Parsing char array to CString

Discussion in 'C++' started by John Smith, Sep 6, 2003.

  1. John Smith

    John Smith Guest

    Hi all,

    I have a char buff[100] which contains "1234 ABCD 5678".

    I can't remember what function I used before to parse the string into
    individual variables. It was something like this:

    forgotenFunction(var1, var2, var3, buff, "%d %s %d")

    It gave me this:

    var1 = "1234"
    var2 = "ABCD"
    var3 = "5678"

    Any ideas? I will appreciate it.

    J.
     
    John Smith, Sep 6, 2003
    #1
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  2. John Smith

    John Smith Guest

    Ok, I found it. It is sscan().


    "John Smith" <> wrote in message
    news:bjdfeu$26p4$...
    > Hi all,
    >
    > I have a char buff[100] which contains "1234 ABCD 5678".
    >
    > I can't remember what function I used before to parse the string into
    > individual variables. It was something like this:
    >
    > forgotenFunction(var1, var2, var3, buff, "%d %s %d")
    >
    > It gave me this:
    >
    > var1 = "1234"
    > var2 = "ABCD"
    > var3 = "5678"
    >
    > Any ideas? I will appreciate it.
    >
    > J.
    >
    >
     
    John Smith, Sep 6, 2003
    #2
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  3. John Smith

    phykell Guest

    int sprintf(char *buffer, const char *format [,argument] ... );

    "John Smith" <> wrote in message
    news:bjdfeu$26p4$...
    > Hi all,
    >
    > I have a char buff[100] which contains "1234 ABCD 5678".
    >
    > I can't remember what function I used before to parse the string into
    > individual variables. It was something like this:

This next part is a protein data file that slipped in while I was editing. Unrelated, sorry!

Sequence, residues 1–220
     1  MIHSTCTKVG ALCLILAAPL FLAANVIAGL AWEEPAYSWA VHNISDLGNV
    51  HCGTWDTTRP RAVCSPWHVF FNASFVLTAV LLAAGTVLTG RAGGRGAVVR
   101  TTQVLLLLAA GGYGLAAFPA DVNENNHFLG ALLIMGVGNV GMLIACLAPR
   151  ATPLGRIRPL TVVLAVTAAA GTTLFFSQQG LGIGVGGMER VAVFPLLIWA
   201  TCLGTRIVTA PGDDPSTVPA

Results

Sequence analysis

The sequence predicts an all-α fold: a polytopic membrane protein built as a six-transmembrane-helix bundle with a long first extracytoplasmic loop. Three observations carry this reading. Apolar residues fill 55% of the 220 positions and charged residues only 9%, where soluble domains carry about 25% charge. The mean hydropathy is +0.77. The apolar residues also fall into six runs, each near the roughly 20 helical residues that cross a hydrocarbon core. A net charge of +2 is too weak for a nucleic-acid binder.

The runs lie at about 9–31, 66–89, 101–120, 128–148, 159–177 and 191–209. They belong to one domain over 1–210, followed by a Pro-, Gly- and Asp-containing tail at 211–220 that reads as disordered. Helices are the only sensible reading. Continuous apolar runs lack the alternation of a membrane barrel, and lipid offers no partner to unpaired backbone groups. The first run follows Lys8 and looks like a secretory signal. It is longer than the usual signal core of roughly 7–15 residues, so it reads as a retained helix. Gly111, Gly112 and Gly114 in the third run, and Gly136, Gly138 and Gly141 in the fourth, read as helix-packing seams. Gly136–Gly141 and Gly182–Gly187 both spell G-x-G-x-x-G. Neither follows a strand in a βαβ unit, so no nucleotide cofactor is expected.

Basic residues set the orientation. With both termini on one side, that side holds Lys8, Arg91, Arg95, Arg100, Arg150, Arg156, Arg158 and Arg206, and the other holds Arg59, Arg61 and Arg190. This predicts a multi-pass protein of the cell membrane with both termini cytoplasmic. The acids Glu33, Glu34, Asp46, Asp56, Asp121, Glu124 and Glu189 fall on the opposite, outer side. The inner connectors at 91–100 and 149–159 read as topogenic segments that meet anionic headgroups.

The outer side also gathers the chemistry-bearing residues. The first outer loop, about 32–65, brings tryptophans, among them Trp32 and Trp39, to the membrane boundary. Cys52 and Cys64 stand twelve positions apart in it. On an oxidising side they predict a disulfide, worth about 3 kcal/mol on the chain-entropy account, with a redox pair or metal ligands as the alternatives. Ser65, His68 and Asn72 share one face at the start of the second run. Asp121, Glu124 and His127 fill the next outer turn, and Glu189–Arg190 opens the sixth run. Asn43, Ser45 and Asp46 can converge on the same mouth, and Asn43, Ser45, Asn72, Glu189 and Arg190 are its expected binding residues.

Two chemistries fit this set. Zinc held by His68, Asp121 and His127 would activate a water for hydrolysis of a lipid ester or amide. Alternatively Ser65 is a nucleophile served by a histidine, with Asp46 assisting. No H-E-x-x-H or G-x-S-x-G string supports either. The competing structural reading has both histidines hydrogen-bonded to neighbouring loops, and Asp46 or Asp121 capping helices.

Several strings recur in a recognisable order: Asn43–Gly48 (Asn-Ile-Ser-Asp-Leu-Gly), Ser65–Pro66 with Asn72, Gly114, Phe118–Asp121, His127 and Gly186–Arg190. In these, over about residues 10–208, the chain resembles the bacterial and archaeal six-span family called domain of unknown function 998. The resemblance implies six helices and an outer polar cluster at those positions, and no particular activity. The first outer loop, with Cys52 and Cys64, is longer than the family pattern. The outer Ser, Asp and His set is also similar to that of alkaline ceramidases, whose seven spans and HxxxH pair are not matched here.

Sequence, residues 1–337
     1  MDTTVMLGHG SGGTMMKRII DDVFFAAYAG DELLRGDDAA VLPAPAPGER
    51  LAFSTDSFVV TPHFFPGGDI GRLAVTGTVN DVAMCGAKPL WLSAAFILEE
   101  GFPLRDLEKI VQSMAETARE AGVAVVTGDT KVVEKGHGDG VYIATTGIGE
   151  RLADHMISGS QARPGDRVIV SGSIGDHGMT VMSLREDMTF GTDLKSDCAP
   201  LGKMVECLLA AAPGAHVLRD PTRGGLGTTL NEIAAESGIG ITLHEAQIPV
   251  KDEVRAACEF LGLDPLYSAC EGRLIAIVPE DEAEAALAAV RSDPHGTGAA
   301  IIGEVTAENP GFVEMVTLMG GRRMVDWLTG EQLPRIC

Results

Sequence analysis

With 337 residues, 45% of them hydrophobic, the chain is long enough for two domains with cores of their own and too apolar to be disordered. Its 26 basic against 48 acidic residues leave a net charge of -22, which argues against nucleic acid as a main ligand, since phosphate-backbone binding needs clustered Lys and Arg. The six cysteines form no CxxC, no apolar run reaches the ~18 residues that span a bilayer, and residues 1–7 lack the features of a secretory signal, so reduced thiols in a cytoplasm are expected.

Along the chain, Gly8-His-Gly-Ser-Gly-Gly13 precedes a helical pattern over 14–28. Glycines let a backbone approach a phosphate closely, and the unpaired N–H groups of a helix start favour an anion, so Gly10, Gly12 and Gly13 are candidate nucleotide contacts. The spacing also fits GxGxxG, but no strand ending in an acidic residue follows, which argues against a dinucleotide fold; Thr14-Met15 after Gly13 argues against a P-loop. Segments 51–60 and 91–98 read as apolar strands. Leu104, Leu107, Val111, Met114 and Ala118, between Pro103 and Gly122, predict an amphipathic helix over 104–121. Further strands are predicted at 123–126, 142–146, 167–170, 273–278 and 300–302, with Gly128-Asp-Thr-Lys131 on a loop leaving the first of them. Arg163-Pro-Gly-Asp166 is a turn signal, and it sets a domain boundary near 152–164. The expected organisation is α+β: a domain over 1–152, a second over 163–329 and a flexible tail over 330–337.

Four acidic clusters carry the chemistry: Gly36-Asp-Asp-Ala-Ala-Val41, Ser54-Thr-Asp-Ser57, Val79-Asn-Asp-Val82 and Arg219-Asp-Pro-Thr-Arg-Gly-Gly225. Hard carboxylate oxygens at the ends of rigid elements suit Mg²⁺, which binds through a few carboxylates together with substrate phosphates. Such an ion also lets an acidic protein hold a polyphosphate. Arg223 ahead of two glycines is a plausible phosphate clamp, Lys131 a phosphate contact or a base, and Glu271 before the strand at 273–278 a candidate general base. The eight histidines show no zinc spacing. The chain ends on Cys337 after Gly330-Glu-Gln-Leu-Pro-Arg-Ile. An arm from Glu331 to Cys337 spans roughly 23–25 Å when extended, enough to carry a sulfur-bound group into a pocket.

>
    > forgotenFunction(var1, var2, var3, buff, "%d %s %d")
    >
    > It gave me this:
    >
    > var1 = "1234"
    > var2 = "ABCD"
    > var3 = "5678"
    >
    > Any ideas? I will appreciate it.
    >
    > J.
    >
    >
     
    phykell, Sep 8, 2003
    #3
  4. phykell wrote:

    > int sprintf(char *buffer, const char *format [,argument] ... );


    Please don't top-post. Re-read section 5 of the FAQ for posting
    guidelines. You might also be interested in section 3 of RFC 1855
    (Netiquette Guide):

    http://www.parashift.com/c -faq-lite/
    http://www.dtcc.edu/cs/rfc1855.html

    Your answer is also wrong, and wouldn't be a very good suggestion even
    if it wasn't. sprintf is a very dangerous function that is very
    difficult to use correctly.

    -Kevin
    --
    My email address is valid, but changes periodically.
    To contact me please use the address from a recent posting.
     
    Kevin Goodsell, Sep 8, 2003
    #4
  5. "John Smith" <> wrote in message
    news:bjdfeu$26p4$...
    > Hi all,
    >
    > I have a char buff[100] which contains "1234 ABCD 5678".
    >
    > I can't remember what function I used before to parse the string into
    > individual variables. It was something like this:
    >
    > forgotenFunction(var1, var2, var3, buff, "%d %s %d")
    >
    > It gave me this:
    >
    > var1 = "1234"
    > var2 = "ABCD"
    > var3 = "5678"
    >
    > Any ideas? I will appreciate it.
    >
    > J.
    >
    >


    If you'd like to use C++ rather than C, you'd use something like;

    #include <iostream>
    #include <string>
    #include <sstream>
    int main(int argc, char* argv[])
    {
    std::string str("1234 ABCD 5678");
    std::stringstream sstr(str);
    int var1,var3;
    std::string var2;
    sstr >> var1 >> var2 >> var3;
    std::cout<<var1<<"\n"<<var2<<"\n"<<var3<<"\n";

    return 0;
    }

    It is a lot safer. However one advantage in sscanf is that it handles fixed
    width numerics much more tidily. The stringstream operators have the notion
    of delimiters hardwired in (which very strong coupling to the data I find
    pretty weird in an OO library). The setwidth() manipulators only work if the
    next extraction is to a string.

    If you are doing lots of this stuff it is worth looking at the boost
    libraries for <lexical_cast>
    The old gcc stream class had stream::sscanf(). I think BSD still has this
    implementation though I stand to be corrected.


    Pat
     
    Pat McCormack, Sep 9, 2003
    #5
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